For competition inspiration, I looked at Arts & Culture by Google, Smartify, and the Metropolitan Museum of Art’s official application. Arts & Culture by Google has an extensive library of artistic information, including virtual exhibits from various art galleries and museums. Smartify is like Sound Hound – where the app listens to a song and tells users what it is – but for art. It’s partnered with some specific art museums around the world and provides information about their exhibits and tours. Fun fact: the featured art above is one of my originals. Since this project will focus on the McNay, the the Metropolitan Museum of Art is a great example of an application made for a specific museum.
Some overall highlights include making the app engaging, interactive, and exciting like parts of Arts & Culture by Google – no big walls of text. Due to the large amount of information, it’s easy for these applications to become overwhelming, which is exactly the problem we’re trying to solve and what we need to stay away from. There should be audio, imagery, and color! After all, the information is supposed to be easily accessible. The navigation needs to be very intuitive and be appropriate for the McNay, such as including the different exhibits and maybe a focus on local artists, inspired by Smartify. For audio, it would be fantastic to get the artists’ perspectives, tying it back to storytelling.
For sketching, I started out by rapidly drawing out some ideas of the most important functions of the app using an exercise where each drawing is allocated one minute. I put myself in the user’s shoes as I went through the home page, getting to the scan feature, and inputting the artwork to get more information about it. What was the best, most intuitive way to do and show this? I decided to include a profile feature after all so that users could manage their settings, favorite pieces, and have a history of the artwork, artists, and exhibits they had viewed. The McNay can use a generic log in for loaner devices to be issued to attendees without smart devices.
After sketching, I dived deeper into my ideas and returned to the research for further contemplation. It was difficult to show through simple sketches, but I wanted to break up the story section about the art with quotes, motion, and other elements, to make it interactive, interesting, and bite size. I wanted to ask the viewers questions to make it reflective as well. Since there was already an audio feature, I thought it would be great if all text had the option to be in audio form, since users may not want to look down to read when walking around the museum, and for accessibility.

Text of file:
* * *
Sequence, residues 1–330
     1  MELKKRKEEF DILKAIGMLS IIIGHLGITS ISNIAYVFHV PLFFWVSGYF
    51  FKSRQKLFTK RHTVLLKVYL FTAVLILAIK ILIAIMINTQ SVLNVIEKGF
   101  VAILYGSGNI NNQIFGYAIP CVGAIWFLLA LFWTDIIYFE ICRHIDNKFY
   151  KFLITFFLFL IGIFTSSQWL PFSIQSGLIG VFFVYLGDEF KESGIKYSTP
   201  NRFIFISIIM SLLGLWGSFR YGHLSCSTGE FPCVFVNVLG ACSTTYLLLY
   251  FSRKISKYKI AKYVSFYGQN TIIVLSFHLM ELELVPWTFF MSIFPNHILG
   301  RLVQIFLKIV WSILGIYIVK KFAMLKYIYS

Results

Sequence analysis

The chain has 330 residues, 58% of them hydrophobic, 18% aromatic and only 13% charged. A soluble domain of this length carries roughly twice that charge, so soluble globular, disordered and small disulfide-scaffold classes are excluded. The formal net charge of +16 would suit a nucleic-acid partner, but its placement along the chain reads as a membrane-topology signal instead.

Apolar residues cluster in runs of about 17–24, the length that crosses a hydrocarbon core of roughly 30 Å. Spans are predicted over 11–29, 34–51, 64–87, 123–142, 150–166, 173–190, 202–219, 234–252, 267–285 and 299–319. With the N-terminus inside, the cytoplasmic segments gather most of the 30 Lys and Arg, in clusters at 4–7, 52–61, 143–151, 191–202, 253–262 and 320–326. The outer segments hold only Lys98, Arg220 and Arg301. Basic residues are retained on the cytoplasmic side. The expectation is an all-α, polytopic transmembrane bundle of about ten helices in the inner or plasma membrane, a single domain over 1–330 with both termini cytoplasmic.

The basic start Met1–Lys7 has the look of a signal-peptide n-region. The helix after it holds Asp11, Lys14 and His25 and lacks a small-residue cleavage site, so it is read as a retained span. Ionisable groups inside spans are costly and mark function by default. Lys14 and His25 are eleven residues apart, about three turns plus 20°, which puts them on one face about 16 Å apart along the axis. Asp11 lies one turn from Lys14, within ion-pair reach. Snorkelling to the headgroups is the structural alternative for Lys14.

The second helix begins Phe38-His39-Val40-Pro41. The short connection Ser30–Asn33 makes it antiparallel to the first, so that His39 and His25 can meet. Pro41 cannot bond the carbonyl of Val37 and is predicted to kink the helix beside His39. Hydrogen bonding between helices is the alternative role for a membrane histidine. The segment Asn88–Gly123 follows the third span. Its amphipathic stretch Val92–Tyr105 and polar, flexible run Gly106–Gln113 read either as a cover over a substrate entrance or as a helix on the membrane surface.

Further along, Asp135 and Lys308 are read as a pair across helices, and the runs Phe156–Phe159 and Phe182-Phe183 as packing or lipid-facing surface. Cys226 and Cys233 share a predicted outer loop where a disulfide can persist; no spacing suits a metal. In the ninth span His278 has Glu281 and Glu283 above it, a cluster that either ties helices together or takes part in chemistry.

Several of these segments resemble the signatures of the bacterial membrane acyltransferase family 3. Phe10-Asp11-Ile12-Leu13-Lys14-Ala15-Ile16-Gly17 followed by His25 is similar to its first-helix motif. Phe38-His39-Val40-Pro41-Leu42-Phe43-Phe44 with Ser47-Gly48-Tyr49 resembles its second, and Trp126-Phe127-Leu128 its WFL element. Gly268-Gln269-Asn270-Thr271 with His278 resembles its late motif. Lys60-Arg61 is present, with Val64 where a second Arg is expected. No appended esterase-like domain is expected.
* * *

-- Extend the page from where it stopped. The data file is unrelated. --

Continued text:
I thought about the navigation of the home page and how to break it up into categories for ease of use. On further inspection, I thought that honoring the McNay’s organization would be the most user friendly, as those already familiar with the museum would be familiar with it, and for those not familiar with the museum, it would be more cohesive. The McNay organizes their art into current exhibits, future exhibits, and the collection – their permanent offerings – which includes European Art, American Art, Modern and Contemporary Art, and Theatre Arts. Including future exhibits would be a great way to advertise through the app.
I then created a storyboard of a user coming into the app, scanning a piece of art, and getting the resulting information to show the main ideas I had decided on through my initial brainstorming and sketching.
Day three was all about further decision making and fleshing out more of the app through sketches that served as a light version of wireframes. I walked through a more detailed process of the user experience from beginning to end, and prepped the project for high fidelity prototyping.
After signing up or logging in, the user will start by going through onboarding screens to learn how to use the app without issue. They will start at the home screen, where they can view all of the major categories the museum possesses like current exhibits, and go through them for inspiration or for direction as they go around the museum. Each page will have a link to the interactive map or the “Explore” page that will point to the location of that exhibit or artwork.